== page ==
* U.S. soybean operations ran at record capacity
* Export demand for soybean meal boomed
* Poor margins, weak demand pressure ethanol business
By Tom Polansek
CHICAGO, Feb 5 Archer Daniels Midland Co
on Tuesday reported a six-fold increase in quarterly profits as
strong demand for oilseeds helped the agricultural giant shake
off the drag of a historic U.S. drought.
Results topped Wall Street estimates, sending shares up 3.8
ADM's U.S. soybean operations ran at record capacity during
the quarter ended Dec. 31, with Chief Executive Patricia Woertz
telling analysts on a conference call that the sector was
"firing on all cylinders" because of export demand for soybean
Processors also stepped up crushing of soybeans into meal
because the drought-hit U.S. soybean harvest this year produced
a lower soymeal yield.
ADM still faces lingering challenges from the drought, which
reduced the amount of farm products available for transportation
and processing and lowered water levels on the key Mississippi
River shipping channel.
Declining U.S. soybean supplies are expected to slow
crushing in the coming weeks and turn buyers to the accelerating
harvests in South America.
"You're going to be running out of beans," Credit Suisse
analyst Robert Moskow said on the call.
Strong demand for oilseeds during the past quarter helped
the world's top agricultural traders and processors rebound from
a tough environment during the previous year, when grain prices
often swung based on global economic concerns instead of supply
and demand fundamentals.
ADM rival Cargill said last month that "more
fundamentally driven markets" helped it quadruple earnings in
the quarter ended Nov. 30, with results buoyed by gains in
global commodities trading and oilseed processing.
ADM and Cargill are among the four large so-called ABCD
players that dominate the global flow of agricultural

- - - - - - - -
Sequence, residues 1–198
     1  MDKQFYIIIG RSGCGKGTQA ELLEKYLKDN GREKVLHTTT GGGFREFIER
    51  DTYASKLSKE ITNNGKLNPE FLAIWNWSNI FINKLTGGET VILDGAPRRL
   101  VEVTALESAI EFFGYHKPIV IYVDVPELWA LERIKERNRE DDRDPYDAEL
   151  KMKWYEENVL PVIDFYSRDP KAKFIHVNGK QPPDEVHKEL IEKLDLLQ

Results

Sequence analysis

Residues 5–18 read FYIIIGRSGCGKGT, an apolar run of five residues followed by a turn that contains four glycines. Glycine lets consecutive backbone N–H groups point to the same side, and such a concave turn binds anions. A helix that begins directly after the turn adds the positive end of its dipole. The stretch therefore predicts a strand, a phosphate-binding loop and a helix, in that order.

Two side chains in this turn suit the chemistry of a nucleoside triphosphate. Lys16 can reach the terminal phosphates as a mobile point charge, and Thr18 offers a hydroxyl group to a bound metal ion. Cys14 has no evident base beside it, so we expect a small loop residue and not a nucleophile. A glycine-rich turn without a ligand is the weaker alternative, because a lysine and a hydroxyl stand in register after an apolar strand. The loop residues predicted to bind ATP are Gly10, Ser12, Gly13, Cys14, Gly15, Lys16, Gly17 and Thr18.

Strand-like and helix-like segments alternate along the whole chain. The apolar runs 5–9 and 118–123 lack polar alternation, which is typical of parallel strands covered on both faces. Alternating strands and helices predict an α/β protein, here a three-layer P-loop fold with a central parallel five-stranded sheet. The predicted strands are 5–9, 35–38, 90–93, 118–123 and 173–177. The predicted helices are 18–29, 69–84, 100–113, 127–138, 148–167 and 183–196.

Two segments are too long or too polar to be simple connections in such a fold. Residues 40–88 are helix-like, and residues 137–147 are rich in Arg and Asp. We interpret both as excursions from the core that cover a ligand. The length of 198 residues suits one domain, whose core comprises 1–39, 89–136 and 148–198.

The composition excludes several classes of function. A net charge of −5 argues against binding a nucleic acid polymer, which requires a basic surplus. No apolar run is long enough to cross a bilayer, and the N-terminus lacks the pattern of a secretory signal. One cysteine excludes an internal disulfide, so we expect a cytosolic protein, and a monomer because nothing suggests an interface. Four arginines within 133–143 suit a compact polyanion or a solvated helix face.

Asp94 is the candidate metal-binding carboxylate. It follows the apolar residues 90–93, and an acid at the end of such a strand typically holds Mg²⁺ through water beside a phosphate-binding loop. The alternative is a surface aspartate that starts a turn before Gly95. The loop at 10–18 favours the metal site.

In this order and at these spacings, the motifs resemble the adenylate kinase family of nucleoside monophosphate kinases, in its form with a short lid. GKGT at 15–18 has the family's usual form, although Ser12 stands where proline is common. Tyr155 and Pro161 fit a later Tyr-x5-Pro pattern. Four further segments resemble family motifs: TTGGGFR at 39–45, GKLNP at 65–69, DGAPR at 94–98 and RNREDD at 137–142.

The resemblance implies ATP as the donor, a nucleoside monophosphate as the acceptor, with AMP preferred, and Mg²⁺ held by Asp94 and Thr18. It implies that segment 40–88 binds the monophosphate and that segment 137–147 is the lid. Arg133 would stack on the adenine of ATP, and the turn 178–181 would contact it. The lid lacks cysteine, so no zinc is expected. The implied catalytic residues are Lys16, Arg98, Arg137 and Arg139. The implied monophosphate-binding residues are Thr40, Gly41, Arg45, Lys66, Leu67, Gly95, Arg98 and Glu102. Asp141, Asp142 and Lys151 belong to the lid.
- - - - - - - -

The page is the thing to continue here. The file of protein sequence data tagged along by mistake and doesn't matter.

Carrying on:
commodities. The other two are Bunge and Louis Dreyfus.
ADM posted net earnings of $510 million, or 77 cents per
share, in the second quarter ended Dec. 31, up from $80 million,
or 12 cents per share, in the same period a year earlier.
Adjusted earnings were 60 cents per share, up from 51 cents in
the same period last year.
Revenue was $24.92 billion, up from $23.31 billion a year
Analysts projected earnings of 58 cents per share on revenue
of $21.22 billion.
Negative margins for ethanol production and weak ethanol
demand hurt ADM. Excluding a restructuring cost a year earlier,
ADM's quarterly corn processing profit dropped $207 million to
ADM hopes margins improve after it conducted a "deep review
of every aspect" of its ethanol operation, said Juan Luciano,
chief operating officer.
The company said it slowed production at two U.S. dry mills
but would not identify the locations.
ADM is more focused on the U.S. market than its rivals.
Last year it sought to widen its global footprint with a
$2.9 billion bid for Australia's GrainCorp. GrainCorp rejected
the offer as too low but said it remained open to higher offers
and would hold further talks with its U.S. suitor.
ADM has not communicated with GrainCorp since being rebuffed
in December, Woertz told analysts.
The Decatur, Illinois-based company earned $62 million on
its 19.9 percent stake in GrainCorp during the last quarter.
ADM's focus on the United States could put it at a
disadvantage this year, when farmers in South America are
expected to harvest a massive soybean crop. Farmers in the
United States are worried dryness will reduce crop production
for another year.
Bunge is set to report earnings on Thursday.